HSBC Malta has backtracked on a decision to double its minimum down payment requirement for first-time buyers, from 20 per cent back down to the standard 10 per cent, with some exceptions.
On Thursday, Times of Malta broke the news that the bank had raised interest rates for first-time buyers from 2.7 per cent to 3.1 per cent, and that the minimum down payment requirement was increased to 20 per cent. HSBC had made no public announcement or statement about the change in policy.
This newsroom reached out to HSBC Malta for comment, however the bank remained silent until issuing a statement to the market late on Friday:
“The Bank would like to clarify to the market that it continues to offer home loans in line with its proposition up to a maximum of 90 per cent Loan-to-Value, while continuing to align to its risk appetite and credit criteria. The Bank’s official website has been updated to this effect.”
When checking the website, however, it shows that HSBC has added a caveat to the 90 per cent threshold, where it reads:
“*Please note that this is subject to internal lending criteria.”
While a partial backtrack has been made on the minimum down payment requirement, increases to the interest rate repayments on home loans for first time buyers remain in place.
In a move that will surely decrease its attractiveness to property buyers, HSBC Malta has doubled the minimum down payment an applicant can put down on a home loan from 10 to 20 per cent.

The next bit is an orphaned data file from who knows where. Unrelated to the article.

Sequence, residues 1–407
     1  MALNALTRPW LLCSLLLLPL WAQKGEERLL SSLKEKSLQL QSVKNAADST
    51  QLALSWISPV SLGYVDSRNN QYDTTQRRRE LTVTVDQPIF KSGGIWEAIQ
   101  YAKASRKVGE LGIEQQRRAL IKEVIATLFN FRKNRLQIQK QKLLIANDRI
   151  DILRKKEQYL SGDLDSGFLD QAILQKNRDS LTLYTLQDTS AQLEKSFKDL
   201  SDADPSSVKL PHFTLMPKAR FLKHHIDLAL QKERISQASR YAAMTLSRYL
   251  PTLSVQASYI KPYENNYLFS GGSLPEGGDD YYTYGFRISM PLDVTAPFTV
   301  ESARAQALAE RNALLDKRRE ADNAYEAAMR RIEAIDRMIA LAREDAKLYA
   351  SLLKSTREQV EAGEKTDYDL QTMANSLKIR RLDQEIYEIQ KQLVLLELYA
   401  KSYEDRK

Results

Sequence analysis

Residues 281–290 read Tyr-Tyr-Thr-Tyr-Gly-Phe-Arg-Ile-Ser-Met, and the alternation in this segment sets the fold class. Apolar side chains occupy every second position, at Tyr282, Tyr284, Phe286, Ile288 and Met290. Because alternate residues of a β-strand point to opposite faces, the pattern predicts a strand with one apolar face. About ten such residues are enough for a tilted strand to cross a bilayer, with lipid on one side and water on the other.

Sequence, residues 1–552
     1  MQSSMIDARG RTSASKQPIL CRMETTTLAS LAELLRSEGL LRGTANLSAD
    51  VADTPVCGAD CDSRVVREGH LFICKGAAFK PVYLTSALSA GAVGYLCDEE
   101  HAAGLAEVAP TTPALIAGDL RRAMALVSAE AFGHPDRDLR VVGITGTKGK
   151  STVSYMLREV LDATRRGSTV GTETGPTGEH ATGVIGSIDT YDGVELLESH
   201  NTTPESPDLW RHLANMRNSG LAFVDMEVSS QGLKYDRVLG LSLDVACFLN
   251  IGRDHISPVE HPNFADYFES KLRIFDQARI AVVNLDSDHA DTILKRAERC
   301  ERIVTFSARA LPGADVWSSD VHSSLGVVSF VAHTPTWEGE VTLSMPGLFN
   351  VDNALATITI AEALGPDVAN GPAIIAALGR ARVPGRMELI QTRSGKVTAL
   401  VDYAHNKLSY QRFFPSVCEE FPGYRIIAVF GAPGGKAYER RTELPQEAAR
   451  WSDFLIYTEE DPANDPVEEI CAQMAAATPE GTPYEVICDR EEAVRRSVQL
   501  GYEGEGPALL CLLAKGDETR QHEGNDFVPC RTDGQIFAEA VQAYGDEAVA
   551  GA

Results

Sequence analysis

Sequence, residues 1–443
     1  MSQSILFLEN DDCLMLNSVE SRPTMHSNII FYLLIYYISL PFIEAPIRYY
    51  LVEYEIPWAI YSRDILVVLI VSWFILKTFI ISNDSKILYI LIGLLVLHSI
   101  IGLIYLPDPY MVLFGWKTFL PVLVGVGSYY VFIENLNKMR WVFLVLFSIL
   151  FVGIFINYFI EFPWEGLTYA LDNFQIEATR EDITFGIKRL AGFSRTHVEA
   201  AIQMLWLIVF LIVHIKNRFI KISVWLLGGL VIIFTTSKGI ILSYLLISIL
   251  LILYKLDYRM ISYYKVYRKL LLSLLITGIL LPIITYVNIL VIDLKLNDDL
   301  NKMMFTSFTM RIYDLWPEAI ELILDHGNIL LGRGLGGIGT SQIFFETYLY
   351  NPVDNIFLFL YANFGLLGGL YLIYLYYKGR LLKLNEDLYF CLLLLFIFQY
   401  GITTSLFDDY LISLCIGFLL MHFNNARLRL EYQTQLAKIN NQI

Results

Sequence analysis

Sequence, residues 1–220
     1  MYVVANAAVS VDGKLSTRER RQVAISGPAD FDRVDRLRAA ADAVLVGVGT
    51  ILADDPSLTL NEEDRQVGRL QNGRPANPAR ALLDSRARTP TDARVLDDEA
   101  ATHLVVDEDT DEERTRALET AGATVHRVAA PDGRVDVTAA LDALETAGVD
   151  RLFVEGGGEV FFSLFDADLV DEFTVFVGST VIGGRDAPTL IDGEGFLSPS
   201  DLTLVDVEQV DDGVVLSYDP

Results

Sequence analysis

Most, if not all, other local banks require first-time buyers to self-finance a minimum of 10 per cent of the property’s price.
According to HSBC’s website, a €170,000 home loan spread over 30 years will now cost the applicant an additional €77 per month.
Amidst a downsizing of its branch network and speculation that it may be exiting the local market, HSBC Malta’s latest move is almost certain to significantly reduce its exposure to Maltese real estate.
Interest rates, which in the eurozone are set by the European Central Bank (ECB), have risen over the last year as the institution grapples with rising inflation due to, among other things, a pandemic supply chain hangover and an energy price shock that emerged following Russia’s invasion of Ukraine – both major fuel producers.
For many banks around Europe, this has meant that mortgage and other consumer loan interest rates have had to increase in line with the rates set by the ECB.
Local banks, however, largely depend on consumer deposits for the capital financing, leaving the Maltese credit landscape shielded from that in Europe.
In other words, on the whole, as long as interest on deposits, which is currently very low, remains where it is, the cost of credit is also expected to stay low.
This view has been put forward by financial analysts as well as bank officials.
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